Heterogenous Forecasting and Federal Reserve Information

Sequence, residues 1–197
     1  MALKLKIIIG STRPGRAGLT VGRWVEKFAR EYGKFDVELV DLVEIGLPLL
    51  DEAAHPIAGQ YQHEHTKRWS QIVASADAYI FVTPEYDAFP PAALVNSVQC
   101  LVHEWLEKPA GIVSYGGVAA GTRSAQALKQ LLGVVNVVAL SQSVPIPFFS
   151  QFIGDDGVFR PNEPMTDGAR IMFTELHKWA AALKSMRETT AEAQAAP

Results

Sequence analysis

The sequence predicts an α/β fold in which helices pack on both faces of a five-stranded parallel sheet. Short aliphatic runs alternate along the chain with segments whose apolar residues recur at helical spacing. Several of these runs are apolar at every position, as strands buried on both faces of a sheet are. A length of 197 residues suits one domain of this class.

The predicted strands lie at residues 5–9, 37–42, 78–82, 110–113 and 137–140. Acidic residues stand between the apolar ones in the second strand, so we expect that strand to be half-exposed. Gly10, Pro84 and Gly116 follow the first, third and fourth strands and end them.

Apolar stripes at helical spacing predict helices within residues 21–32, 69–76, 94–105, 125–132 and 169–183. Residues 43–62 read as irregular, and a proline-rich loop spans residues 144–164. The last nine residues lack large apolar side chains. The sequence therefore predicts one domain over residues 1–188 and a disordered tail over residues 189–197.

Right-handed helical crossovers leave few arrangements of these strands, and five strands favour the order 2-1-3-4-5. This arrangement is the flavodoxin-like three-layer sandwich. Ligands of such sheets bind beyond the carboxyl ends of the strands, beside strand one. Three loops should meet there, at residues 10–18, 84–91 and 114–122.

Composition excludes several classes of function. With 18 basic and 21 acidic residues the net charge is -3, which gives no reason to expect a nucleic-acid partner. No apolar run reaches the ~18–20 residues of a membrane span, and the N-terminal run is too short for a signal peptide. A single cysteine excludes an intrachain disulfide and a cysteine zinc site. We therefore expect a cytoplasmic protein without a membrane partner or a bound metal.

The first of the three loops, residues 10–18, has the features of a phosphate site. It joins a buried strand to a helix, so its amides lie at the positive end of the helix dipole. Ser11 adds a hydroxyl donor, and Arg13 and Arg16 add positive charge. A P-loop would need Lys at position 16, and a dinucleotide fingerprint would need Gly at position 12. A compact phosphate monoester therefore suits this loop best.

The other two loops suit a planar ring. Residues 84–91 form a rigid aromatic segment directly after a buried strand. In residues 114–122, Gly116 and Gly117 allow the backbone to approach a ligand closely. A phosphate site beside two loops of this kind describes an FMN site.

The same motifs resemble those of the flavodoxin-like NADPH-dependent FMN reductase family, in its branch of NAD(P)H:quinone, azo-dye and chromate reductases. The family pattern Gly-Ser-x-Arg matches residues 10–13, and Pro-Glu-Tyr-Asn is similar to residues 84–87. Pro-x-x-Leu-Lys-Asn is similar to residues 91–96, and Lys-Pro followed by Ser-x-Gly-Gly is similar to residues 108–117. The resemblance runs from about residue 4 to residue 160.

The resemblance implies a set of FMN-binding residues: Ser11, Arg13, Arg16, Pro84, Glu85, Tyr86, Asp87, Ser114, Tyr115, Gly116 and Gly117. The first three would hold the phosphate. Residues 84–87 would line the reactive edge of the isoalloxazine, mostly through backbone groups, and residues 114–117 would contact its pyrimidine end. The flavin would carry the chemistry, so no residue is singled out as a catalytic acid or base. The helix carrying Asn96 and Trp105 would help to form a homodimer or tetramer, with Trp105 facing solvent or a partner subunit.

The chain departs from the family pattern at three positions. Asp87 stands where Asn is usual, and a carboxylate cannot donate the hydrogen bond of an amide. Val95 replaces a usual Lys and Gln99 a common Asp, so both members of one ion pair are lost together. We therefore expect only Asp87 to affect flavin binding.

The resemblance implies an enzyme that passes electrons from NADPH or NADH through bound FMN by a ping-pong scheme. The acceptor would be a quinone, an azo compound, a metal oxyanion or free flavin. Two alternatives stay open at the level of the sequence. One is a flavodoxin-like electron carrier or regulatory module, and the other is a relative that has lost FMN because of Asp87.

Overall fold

December 2001 We provide evidence that private forecasters and the staff of the Federal Reserve use different forecasting models to predict inflation and GNP growth and heterogeneity of forecasting models is the norm in the market place. We thus argue that neither the Fed nor commercial forecasters know the "true" model of the economy. We demonstrate that their forecast errors are correlated with information available at the time when the forecasts were made and hence, by studying the systematic patterns of these forecast errors, we can deduce a great deal about their assessments of economic conditions in general and their view of monetary policy in particular. We also show that (i) although all private forecasters have the same information, their diverse forecasting models result in a distribution of forecasts which fluctuates over time. The distribution shows no tendency for convergence. The "consensus" median forecaster is a random member whose identity changes over time; (ii) the evidence shows that at any date there is a whole set of private forecasts who agree with the Fed's forecasts but the Fed forecasts are less volatile than the volatility of private forecasts measured by the variance of the cross-sectional distribution of private forecasts; (iv) diverse assessments of the impact of monetary policy on inflation and growth are important factors which contribute to the heterogeneity of forecasts. A surprising result reveals that although there is strong evidence for heterogeneity among forecasters, we also find similarity in qualitative patterns of forecast errors of all participants, including the Fed. Qualitative similarity implies similarity in the basic ideas underlying the forecasting models even when these ideas are wrong. This implies a degree of correlation among the subjective beliefs of divergent agents in the economy. (v) although all forecasts violate the standard orthogonality conditions of Rational Expectations, we argue in this paper that this should not be interpreted as irrational behavior. We provide an introduction to the theory of Rational Belief (see Kurz (1994), (1997)) and demonstrate that in contrast to the rejection of Rational Expectations, the pattern of estimated parameters is consistent with the predictions of the theory of Rational Beliefs (see Kurz (1994), (1997)). In opposition to some (e.g. De Bondt and Thaler (1985), (1990)), we argue that rejection of rational expectations should not be interpreted to imply irrational behavior. Working Papers Index
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